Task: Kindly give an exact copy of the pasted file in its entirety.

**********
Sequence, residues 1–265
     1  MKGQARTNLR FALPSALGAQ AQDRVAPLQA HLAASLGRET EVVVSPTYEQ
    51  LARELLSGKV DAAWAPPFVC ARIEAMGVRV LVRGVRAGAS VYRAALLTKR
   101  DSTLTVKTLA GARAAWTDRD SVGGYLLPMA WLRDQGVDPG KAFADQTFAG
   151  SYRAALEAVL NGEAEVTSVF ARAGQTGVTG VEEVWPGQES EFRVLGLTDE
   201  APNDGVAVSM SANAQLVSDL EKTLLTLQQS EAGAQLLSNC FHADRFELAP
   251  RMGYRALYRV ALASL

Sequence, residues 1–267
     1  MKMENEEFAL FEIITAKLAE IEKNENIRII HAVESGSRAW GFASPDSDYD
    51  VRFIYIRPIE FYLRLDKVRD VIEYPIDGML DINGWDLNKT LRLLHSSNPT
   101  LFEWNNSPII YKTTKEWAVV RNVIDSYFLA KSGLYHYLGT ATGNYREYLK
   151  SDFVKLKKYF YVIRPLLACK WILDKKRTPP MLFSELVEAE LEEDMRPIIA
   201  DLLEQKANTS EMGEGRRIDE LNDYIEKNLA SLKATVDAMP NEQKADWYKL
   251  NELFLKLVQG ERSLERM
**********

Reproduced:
Sequence, residues 1–265
     1  MKGQARTNLR FALPSALGAQ AQDRVAPLQA HLAASLGRET EVVVSPTYEQ
    51  LARELLSGKV DAAWAPPFVC ARIEAMGVRV LVRGVRAGAS VYRAALLTKR
   101  DSTLTVKTLA GARAAWTDRD SVGGYLLPMA WLRDQGVDPG KAFADQTFAG
   151  SYRAALEAVL NGEAEVTSVF ARAGQTGVTG VEEVWPGQES EFRVLGLTDE
   201  APNDGVAVSM SANAQLVSDL EKTLLTLQQS EAGAQLLSNC FHADRFELAP
   251  RMGYRALYRV ALASL

Sequence, residues 1–267
     1  MKMENEEFAL FEIITAKLAE IEKNENIRII HAVESGSRAW GFASPDSDYD
    51  VRFIYIRPIE FYLRLDKVRD VIEYPIDGML DINGWDLNKT LRLLHSSNPT
   101  LFEWNNSPII YKTTKEWAVV RNVIDSYFLA KSGLYHYLGT ATGNYREYLK
   151  SDFVKLKKYF YVIRPLLACK WILDKKRTPP MLFSELVEAE LEEDMRPIIA
   201  DLLEQKANTS EMGEGRRIDE LNDYIEKNLA SLKATVDAMP NEQKADWYKL
   251  NELFLKLVQG ERSLERM